Published October 3, 2017

Shelia Shares
"You're Who?"

The National Quartet Convention last week was incredible. It was one of the smoothest NQCs we have ever experienced. We love the people and have true friends among the fans and the artists. And, we made new friends during the week. God was good to us.

Paul did around 66 group interviews in four days, as well as attending quite a few meetings and receptions. I organize the interviews and run the halls doing all the leg work. We make a good team.

There is so much great talent and some of the newer talent is at the showcases. An industry friend had commented on how good a particular group was. So I decided to check it out.

As I waited for the showcase, I was in the hallway talking with people who passed. I answered questions from attendees. I said "hi," smiled and chatted. I love the variety of people that God created.

Most people are friendly and courteous. One lady who passed by was pretty and dressed beautifully. I assumed she was with a group. She looked at me but had no time to respond to my smile or greeting.

I went into the showcase to hear the recommended group. They were good. With their talent, they could sing in the big venues and even hit the national charts. However, the group's singers included that lady that seemed pointedly to ignore me. Obviously she had a lot on her mind, but to be successful in such a public occupation, attitude truly does matter.

I returned to the hallway and when I saw the lady come by again, I decided to give her a second chance. Everyone deserves one. Maybe she was just distracted before she sang.

I again greeted her and smiled. She again looked at me and without a smile or "hi" walked on past. I apparently didn't reach her standards and she had no time to waste on me.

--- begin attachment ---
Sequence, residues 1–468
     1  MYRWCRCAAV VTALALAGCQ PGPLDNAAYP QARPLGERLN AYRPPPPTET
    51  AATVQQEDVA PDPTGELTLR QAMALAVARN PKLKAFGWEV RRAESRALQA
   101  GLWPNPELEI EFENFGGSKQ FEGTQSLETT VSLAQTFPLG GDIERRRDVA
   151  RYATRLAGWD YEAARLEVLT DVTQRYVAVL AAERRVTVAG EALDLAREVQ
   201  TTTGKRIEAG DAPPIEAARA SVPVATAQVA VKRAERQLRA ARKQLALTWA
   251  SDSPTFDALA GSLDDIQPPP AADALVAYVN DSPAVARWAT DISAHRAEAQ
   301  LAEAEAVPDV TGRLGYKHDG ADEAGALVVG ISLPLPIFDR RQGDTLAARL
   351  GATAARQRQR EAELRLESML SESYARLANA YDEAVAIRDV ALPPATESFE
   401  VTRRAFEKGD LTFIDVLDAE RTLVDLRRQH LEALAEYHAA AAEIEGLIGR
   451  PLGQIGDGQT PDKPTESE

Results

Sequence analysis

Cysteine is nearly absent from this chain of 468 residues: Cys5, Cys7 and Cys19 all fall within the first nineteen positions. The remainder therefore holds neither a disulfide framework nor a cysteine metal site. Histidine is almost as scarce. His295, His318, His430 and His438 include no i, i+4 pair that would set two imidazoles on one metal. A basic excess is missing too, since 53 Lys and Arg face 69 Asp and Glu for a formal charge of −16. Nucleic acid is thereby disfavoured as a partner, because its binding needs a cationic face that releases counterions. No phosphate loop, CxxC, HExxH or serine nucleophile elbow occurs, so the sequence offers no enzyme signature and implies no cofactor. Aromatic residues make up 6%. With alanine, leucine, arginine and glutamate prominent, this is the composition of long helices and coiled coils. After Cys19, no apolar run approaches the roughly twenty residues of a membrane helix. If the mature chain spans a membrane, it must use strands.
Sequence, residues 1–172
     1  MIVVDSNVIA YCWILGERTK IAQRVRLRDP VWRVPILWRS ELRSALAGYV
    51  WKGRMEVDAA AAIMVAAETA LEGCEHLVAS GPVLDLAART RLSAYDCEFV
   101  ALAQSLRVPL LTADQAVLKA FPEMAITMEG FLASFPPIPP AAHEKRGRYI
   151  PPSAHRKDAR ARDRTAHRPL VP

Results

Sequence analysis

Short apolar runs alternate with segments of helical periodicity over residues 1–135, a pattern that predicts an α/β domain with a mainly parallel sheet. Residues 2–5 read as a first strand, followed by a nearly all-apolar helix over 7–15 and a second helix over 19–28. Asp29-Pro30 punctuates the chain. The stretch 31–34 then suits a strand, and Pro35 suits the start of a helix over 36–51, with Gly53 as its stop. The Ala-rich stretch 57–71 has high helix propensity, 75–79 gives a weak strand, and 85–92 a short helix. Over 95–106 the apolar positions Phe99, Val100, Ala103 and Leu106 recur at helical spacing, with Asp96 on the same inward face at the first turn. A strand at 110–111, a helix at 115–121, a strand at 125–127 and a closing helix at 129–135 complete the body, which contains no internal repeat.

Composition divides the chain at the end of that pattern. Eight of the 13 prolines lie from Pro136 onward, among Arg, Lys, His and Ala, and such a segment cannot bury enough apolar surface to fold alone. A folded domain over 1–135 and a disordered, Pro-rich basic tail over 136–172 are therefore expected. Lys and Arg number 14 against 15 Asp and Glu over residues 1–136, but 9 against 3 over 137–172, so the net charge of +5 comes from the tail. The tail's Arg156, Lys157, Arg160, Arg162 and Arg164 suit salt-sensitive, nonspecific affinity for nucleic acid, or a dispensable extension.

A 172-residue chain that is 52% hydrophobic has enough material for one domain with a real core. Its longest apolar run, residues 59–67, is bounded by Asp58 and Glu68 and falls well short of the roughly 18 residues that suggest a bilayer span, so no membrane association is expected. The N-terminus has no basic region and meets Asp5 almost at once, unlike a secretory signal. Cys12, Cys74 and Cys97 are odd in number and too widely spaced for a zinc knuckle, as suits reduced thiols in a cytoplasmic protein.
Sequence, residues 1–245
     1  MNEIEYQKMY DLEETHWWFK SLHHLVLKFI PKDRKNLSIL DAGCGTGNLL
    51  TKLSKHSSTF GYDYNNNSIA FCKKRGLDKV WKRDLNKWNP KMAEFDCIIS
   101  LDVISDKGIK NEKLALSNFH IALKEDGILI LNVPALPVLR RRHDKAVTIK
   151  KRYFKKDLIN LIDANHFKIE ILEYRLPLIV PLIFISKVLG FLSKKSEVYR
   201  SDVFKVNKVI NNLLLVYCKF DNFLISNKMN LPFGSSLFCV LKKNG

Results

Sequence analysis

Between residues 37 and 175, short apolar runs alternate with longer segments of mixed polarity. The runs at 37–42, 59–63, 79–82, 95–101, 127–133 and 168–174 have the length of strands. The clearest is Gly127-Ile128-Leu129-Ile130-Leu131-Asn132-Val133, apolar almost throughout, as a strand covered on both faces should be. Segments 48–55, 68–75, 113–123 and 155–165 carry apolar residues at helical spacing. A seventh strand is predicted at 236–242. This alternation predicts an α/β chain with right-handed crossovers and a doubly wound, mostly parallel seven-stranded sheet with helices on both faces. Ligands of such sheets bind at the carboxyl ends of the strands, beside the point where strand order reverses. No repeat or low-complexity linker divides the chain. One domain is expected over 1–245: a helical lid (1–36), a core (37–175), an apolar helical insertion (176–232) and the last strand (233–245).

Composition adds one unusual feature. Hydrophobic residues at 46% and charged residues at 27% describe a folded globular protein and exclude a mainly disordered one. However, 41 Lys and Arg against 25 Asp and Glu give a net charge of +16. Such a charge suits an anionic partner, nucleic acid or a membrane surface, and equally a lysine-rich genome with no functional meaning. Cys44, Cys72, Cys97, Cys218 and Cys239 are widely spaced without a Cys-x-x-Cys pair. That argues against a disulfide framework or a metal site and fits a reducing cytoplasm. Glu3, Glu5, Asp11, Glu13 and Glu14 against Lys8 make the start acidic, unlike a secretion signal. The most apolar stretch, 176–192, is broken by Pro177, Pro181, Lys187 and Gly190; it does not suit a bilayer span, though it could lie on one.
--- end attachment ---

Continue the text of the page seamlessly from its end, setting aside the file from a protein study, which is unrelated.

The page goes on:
Frankly, I like to engage such people before telling them who I am and about my connection with The Gospel Greats program so that I can see how they respond to everyday fans. That, after all, is what will make or break their ministry to people in general.

What I do expect to see (and hope to see) is simple, common courtesy. Their attitude should not depend on who I am or what I do. It should not matter whether I can help their career or not. It should not matter whether I simply like the music or am there because a spouse dragged me along — or represent an important media outreach available to these artists.

If we are truly in ministry, we care about people. All types. It isn't dependent on their name. Their position or job doesn't make them worth more or less. Their material wealth doesn't determine their value. We need to see everyone — each individual — as one of God's children. Because God made them, they have intrinsic worth.

By the way, back to the lady who was too important to speak with me, an unknown person to her...

I had planned to introduce myself and ask her and her group if they wanted an interview for The Gospel Greats program. But, that didn't happen. With her attitude toward common people, they might not even survive in Gospel music, even with their incredible talent. "People skills" are lacking. So, we weren't able to give a push to their career. There was, unfortunately, no start to a possible friendship. Maybe God knew they couldn't handle the publicity yet.

How we treat God's children is important. As His representative, we don't push our competition aside or run them down. We don't just befriend those who can help us. If we represent Jesus Christ, we need to show His love to everyone we encounter. God is good and He expects us to show His goodness to the rest of the family.

Treat all people like children of God. They are.

- Shelia

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